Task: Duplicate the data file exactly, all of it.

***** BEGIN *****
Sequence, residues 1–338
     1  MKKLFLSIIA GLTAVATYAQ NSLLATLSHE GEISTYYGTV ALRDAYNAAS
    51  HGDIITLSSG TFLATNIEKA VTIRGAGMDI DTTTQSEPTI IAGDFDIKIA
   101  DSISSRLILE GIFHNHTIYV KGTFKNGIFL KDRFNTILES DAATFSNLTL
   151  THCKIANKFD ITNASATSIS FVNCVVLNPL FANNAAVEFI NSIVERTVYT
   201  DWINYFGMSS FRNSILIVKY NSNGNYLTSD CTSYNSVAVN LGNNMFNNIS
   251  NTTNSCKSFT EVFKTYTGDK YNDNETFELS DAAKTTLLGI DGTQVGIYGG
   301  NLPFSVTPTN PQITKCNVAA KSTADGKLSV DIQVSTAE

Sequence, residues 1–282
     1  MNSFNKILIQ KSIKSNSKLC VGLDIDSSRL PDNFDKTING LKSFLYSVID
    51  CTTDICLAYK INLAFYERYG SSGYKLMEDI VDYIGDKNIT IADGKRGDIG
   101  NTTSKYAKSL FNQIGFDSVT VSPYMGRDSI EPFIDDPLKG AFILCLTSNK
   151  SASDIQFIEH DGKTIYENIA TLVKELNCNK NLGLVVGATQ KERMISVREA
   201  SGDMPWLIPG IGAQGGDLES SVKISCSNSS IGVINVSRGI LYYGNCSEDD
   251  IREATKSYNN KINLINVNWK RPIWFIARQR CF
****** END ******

Sequence, residues 1–338
     1  MKKLFLSIIA GLTAVATYAQ NSLLATLSHE GEISTYYGTV ALRDAYNAAS
    51  HGDIITLSSG TFLATNIEKA VTIRGAGMDI DTTTQSEPTI IAGDFDIKIA
   101  DSISSRLILE GIFHNHTIYV KGTFKNGIFL KDRFNTILES DAATFSNLTL
   151  THCKIANKFD ITNASATSIS FVNCVVLNPL FANNAAVEFI NSIVERTVYT
   201  DWINYFGMSS FRNSILIVKY NSNGNYLTSD CTSYNSVAVN LGNNMFNNIS
   251  NTTNSCKSFT EVFKTYTGDK YNDNETFELS DAAKTTLLGI DGTQVGIYGG
   301  NLPFSVTPTN PQITKCNVAA KSTADGKLSV DIQVSTAE

Sequence, residues 1–282
     1  MNSFNKILIQ KSIKSNSKLC VGLDIDSSRL PDNFDKTING LKSFLYSVID
    51  CTTDICLAYK INLAFYERYG SSGYKLMEDI VDYIGDKNIT IADGKRGDIG
   101  NTTSKYAKSL FNQIGFDSVT VSPYMGRDSI EPFIDDPLKG AFILCLTSNK
   151  SASDIQFIEH DGKTIYENIA TLVKELNCNK NLGLVVGATQ KERMISVREA
   201  SGDMPWLIPG IGAQGGDLES SVKISCSNSS IGVINVSRGI LYYGNCSEDD
   251  IREATKSYNN KINLINVNWK RPIWFIARQR CF